Tired of bank greed, Missouri protesters say

ST. LOUIS – “We’re tired of corporate America and the CEOs taking all our money,” Ashli Bolden said as over 100 people protested inside the Bank of America tower here on March 24.

Bolden, an organizer for the Missouri Progressive Vote Coalition, added, “Corporate bonuses and golden parachutes have got to go. They are the ones that got us into this mess, and now they’re using our tax dollars for bonuses!”

Last year Bank of America received $45 billion in federal funding, while its CEO, Kenneth Lewis, received $10 million in bonuses in 2008, 400 times what the average Bank of America teller is paid. Since 2001, Lewis has received over $136 million in pay, bonuses, stock options and pension contributions.

Johnathan McFarland, from the grassroots organization MORE (Missourians Organized for Reform and Empowerment), said, “It’s not just about bonuses. Bank of America is aggressively foreclosing on people’s homes. All they care about is profit.”

As part of the action, protesters set up a tent inside of the Bank of America lobby, demanding to meet with Jack Schakett, BOA’s loss mitigation executive. Loss mitigators are supposed to negotiate terms for homeowners to prevent foreclosures.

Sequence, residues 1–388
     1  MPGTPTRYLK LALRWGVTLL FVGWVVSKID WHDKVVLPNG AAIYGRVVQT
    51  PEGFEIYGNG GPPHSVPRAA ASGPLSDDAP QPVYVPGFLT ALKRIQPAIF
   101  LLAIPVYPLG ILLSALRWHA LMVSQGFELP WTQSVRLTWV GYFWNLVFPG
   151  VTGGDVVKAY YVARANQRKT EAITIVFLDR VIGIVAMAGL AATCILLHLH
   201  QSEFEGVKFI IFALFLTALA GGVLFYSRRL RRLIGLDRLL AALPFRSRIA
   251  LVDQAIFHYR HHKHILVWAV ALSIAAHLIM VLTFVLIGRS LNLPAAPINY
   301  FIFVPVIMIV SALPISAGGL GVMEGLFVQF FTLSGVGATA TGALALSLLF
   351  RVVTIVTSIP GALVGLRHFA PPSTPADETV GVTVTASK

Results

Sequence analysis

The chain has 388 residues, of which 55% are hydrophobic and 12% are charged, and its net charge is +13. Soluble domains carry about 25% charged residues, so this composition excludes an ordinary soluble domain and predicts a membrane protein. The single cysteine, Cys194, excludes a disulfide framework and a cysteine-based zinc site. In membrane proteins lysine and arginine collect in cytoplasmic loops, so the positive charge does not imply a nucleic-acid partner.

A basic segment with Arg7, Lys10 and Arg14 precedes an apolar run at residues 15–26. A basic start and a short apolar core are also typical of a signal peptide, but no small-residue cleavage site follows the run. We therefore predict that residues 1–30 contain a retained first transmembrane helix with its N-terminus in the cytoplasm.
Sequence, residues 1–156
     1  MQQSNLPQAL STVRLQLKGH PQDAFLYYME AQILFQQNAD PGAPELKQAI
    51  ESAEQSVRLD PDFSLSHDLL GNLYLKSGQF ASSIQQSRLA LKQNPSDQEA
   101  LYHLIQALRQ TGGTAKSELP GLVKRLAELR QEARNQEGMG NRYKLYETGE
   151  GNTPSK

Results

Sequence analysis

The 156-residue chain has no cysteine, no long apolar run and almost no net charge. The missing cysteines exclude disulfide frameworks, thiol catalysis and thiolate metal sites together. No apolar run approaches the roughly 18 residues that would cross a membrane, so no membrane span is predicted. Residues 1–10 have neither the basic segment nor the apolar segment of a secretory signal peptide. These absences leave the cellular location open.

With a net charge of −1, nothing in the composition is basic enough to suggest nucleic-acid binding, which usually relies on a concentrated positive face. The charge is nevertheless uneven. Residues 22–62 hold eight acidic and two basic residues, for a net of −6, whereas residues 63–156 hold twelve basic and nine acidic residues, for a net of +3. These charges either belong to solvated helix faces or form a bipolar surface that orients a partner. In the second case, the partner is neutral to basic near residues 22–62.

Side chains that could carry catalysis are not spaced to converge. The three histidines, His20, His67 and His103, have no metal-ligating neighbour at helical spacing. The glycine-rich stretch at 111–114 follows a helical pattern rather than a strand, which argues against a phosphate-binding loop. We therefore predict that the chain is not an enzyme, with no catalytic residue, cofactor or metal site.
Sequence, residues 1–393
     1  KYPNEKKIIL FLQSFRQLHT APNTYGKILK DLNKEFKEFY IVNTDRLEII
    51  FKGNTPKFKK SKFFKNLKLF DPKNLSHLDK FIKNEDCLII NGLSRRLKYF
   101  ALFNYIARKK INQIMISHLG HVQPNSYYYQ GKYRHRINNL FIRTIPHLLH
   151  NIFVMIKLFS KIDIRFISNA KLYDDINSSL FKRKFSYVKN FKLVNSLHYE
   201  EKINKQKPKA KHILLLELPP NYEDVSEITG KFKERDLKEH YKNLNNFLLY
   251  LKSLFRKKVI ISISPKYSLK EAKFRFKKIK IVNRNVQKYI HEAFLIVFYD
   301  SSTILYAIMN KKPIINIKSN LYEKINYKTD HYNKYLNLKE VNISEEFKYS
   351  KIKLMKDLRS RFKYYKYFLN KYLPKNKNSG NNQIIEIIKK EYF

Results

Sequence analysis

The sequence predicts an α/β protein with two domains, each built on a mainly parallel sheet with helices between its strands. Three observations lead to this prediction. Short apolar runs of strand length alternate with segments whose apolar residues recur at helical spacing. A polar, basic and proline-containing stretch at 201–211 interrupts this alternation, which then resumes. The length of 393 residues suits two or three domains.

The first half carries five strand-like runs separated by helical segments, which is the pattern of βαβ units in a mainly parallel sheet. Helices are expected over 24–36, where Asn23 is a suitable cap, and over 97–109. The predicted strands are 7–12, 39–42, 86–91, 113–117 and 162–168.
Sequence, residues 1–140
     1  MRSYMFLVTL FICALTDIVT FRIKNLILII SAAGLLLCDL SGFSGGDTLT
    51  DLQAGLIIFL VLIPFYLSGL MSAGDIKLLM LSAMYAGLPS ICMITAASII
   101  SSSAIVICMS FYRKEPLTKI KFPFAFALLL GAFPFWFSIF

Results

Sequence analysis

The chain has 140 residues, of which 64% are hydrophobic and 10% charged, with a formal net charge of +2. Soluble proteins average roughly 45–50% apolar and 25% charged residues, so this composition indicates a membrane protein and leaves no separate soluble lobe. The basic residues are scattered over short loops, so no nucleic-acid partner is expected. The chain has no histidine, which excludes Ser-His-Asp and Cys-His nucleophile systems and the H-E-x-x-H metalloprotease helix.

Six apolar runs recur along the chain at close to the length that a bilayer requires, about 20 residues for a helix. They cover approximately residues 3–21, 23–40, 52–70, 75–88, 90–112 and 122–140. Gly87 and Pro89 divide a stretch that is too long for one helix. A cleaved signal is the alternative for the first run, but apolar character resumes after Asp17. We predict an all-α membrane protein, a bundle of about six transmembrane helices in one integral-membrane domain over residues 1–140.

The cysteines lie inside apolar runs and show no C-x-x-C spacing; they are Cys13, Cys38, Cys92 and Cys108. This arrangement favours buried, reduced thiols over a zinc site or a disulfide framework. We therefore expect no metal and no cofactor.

Protester Richard Monroe fell behind on his mortgage while his wife was fighting cancer. “I’ve been trying to re-modify my loan for a year,” he told protesters.

“And all I want to do is keep my home,” he added. “I will pay everything I owe. Just re-modify this loan for me, get it taken care of and then I’ll pay everything off when the economy turns around.”

Robin Acree, from rural Missouri-based Grass Roots Organizing (GRO), said, “Bank of America is bad for America. They are bad for our economy, bad for business and bad for home owners.”

Video from the lively St. Louis rally:

Photo: PW/Tony Pecinovsky



Tony Pecinovsky
Tony Pecinovsky

Tony Pecinovsky is the author of "Let Them Tremble: Biographical Interventions Marking 100 Years of the Communist Party, USA" and author/editor of "Faith In The Masses: Essays Celebrating 100 Years of the Communist Party, USA." His forthcoming book is titled "The Cancer of Colonialism: W. Alphaeus Hunton, Black Liberation, and the Daily Worker, 1944-1946." Pecinovsky has appeared on C-SPAN’s "Book TV" and speaks regularly on college and university campuses across the country.